One field in which the assumption of limitless wants seems plausible is that of health care. New and improved treatments are being developed all the time, offering us longer and healthier lives, and cures for previously entreatment ailments and disabilities. Whatever we might think about consumption in general, few of us are so stoical that we would willingly choose to accept death or disability if it can be prevented or cured by medical treatment.

The problem is that, while the range of potentially beneficial treatments is effectively limitless, the resources available to the health care system are not. In a simple market system, this problem resolves itself automatically; those willing and able to pay for health care services receive them, and those who are unwilling or unable do not.

As we have already seen, however, markets in health care do not work well. For this reason, they have been replaced by a mixture of public provision and insurance. Both for public health services and insurers the problem then arises: which health services should be funded?

The general idea may be seen by an example. Consider a hospital which finds that it has a small amount of additional money that can be allocated either to the orthopaedic ward, where it would fund additional knee reconstructions, or to the emergency ward, where it would increase the survival chances of patients involved in car crashes.

The opportunity cost in this example is clear. The opportunity cost of improving the mobility of orthopaedic patients is that fewer emergency patients will survive. The patients involved may or may not be the same people (since car crashes are a common cause of severe injuries requiring orthopaedic surgery). T

There is no simple way of making this choice. Obviously, saving a life is of greater significance than a knee replacement, but the opportunity cost trade-off is unlikely to be one for one.

There are various ways in which the trade-off may be assessed. Some methods rely on the expertise of doctors. These face the problem that, being human, most doctors regard the conditions treated by their own speciality as being more significant than those treated by others.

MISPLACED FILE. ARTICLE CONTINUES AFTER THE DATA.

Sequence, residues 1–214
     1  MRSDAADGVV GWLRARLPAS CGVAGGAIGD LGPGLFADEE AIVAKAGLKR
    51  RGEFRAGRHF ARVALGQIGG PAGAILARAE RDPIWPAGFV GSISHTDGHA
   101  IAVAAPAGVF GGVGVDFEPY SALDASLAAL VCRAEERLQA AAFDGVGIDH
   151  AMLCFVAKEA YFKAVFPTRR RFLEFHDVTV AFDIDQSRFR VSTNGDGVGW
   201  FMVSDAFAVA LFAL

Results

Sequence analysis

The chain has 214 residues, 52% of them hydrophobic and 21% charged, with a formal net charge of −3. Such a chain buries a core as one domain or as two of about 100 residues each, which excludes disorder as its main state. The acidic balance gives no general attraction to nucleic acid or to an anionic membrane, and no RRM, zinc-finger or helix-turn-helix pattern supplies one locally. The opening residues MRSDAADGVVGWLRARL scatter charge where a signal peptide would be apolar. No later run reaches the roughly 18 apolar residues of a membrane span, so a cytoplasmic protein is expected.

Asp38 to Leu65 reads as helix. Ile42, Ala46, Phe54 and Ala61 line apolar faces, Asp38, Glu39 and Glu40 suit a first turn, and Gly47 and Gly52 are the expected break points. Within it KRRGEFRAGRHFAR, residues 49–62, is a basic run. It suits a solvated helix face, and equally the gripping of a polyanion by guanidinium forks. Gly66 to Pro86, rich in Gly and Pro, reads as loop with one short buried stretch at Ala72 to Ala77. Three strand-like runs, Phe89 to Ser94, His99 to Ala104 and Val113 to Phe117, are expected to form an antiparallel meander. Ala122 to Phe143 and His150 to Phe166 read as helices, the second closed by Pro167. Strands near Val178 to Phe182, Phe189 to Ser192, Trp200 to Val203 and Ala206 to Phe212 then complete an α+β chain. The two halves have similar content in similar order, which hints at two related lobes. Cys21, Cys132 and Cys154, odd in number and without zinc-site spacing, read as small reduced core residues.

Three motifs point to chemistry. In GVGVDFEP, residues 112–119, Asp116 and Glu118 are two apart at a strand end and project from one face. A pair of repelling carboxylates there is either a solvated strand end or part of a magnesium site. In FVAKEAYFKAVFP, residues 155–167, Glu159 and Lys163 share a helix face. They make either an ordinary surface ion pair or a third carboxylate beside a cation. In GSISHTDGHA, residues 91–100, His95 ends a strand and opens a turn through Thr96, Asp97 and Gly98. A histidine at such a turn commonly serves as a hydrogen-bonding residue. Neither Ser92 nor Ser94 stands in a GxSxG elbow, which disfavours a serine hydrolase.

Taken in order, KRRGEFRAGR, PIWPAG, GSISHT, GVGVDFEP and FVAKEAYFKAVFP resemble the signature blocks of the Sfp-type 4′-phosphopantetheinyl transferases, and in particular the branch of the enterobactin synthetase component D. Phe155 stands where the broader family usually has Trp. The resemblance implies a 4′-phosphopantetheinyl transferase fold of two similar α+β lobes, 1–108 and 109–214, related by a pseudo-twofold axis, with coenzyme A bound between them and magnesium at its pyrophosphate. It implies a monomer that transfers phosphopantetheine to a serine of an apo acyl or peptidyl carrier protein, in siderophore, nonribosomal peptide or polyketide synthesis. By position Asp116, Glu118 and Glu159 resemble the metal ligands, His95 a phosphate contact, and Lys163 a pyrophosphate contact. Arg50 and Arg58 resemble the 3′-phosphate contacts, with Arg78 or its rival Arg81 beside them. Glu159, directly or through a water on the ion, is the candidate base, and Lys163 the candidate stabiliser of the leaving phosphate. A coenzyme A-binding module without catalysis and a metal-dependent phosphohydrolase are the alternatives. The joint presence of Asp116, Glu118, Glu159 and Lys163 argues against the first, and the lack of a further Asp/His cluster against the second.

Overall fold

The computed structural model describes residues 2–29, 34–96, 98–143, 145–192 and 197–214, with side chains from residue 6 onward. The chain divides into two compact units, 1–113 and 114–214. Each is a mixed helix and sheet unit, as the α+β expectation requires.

Another approach is to rely on the expressed preferences of potential patients. In the example above, we might ask people who are not currently in need of a specific treatment to make judgements of the general form “I would (or would not) prefer a treatment yielding 20 years of additional life with full mobility to one yielding 25 years of additional life with a requirement to use crutches to move about”. [A formal version of this approach, using the concept of Quality Adjusted Life Years or QALYs is sometimes used. This approach and its strengths and limitations will be discussed in an Optional Extra section]

Judgements about the relative benefits of alternative outcomes may be translated into medical decisions in various ways. The simplest is to specify a list of treatments approved for funding. An alternative, referred to as case mix or activity-based funding relies on providing a specified payment for each kind of treatment, based both on the cost of provision and the requirement that benefits should exceed costs.